I'm writing a program that needs to generate GEOID values from 2000 and 2010 Census data, to link the census data to TIGER/Line records. I'm starting with the state, county, region block, etc, values in the census GEO files, and need to create GEOIDs.

I need to work with all of the summary levels, and since the structure of the GEOID value seems to vary depending on the type of geography, it would be really nice to have a spec for constructing it.

I found this document, but it only specifies the GEOID structure for the redistricting files:


I'd like to get the same thing, but for all summary levels.

I've considered downloading all of the tiger files and extracting the GEOID10 values and reverse engineering them from the records attached to the shape files, but the programming would cost more than just paying someone to do it manually by inspecting the files or the documentation ( http://www.census.gov/geo/www/tiger/tgrshp2010/TGRSHP10SF1.pdf )

Any other ideas how to most easily generate GEOID from census GEO files, for all records and summary levels?

Alternately, can the 0GEOID_Construction_for_Matching.pdf file, which is written for the redistricting files, be used as a spec for the 2010 SF1 summary levels and the GEOIDs of the corresponding TIGER files?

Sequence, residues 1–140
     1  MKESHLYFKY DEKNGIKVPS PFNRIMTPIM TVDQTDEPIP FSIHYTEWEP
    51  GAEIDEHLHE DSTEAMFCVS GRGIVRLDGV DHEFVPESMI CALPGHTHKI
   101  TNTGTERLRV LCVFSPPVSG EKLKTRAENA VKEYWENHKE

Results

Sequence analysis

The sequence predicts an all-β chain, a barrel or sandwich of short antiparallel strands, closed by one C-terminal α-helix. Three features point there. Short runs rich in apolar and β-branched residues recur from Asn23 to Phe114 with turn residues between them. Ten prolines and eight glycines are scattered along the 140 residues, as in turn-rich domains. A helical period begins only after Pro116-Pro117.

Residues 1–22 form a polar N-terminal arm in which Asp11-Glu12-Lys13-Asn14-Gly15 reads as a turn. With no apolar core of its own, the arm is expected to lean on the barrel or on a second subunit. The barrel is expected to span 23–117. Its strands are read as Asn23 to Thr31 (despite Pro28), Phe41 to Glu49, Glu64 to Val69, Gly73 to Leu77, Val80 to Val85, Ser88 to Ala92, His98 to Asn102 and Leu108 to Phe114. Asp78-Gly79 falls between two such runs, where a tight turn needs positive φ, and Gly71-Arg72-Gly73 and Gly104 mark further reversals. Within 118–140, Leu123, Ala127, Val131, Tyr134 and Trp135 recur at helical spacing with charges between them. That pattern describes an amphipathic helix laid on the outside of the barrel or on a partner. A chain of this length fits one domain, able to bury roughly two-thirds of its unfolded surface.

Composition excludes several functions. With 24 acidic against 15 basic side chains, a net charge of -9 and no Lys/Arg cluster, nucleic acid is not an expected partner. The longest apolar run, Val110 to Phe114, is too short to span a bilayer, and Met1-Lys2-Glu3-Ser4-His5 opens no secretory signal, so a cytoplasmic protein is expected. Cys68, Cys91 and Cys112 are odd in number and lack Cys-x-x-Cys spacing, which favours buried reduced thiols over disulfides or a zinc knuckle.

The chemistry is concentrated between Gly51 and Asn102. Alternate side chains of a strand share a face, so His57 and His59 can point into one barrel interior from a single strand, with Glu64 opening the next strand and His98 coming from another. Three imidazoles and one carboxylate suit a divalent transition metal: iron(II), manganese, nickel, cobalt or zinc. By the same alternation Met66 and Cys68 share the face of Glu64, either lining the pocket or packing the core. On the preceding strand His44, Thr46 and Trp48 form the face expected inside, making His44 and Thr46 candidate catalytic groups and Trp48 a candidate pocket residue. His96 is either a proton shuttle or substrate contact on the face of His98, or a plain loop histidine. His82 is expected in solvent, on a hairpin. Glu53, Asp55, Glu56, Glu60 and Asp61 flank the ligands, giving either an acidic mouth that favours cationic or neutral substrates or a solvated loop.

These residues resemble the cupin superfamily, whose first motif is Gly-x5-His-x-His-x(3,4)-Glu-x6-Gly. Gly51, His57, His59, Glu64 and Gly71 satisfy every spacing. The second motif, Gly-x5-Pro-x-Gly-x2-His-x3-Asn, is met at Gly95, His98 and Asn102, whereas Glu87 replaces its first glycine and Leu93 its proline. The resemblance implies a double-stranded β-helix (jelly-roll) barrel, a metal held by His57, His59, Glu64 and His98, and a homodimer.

3 Answers 3


The GEOID is a concatenation of a bunch of fields as noted in the summary file documentation on page 13. In the geographic area codes, you'll be looking for fields at positions 26-65.


After several years, I finally created my own code to build a schema. However, it is currently embedded in a python library, so it isn't generally usable as a spec. Here is the geoid module, which parses and generate Census geoids, with variants for Census, Tiger and ACS formats:


If you are handy with programming, you can extract all of the required information from one of the source files, although it may be easier just to use the module in python.


The segments dictionary has lists of components for each of the summary level numbers, and the lengths dictionary has the length in decimal digits for each of the components. Note that a few of the lengths are specified as strings; this is a signal that the component can take characters, as well as digits.

This code is generated from a python notebook that analyzes the data from the first link in this answer.


There is a short spec for some geoids on the census website in the "GEOID Structure for Geographic Areas" section.


Here you cand find a simple explanation for the columns that you must concantenate to generate the GeoIDs for different geographic areas



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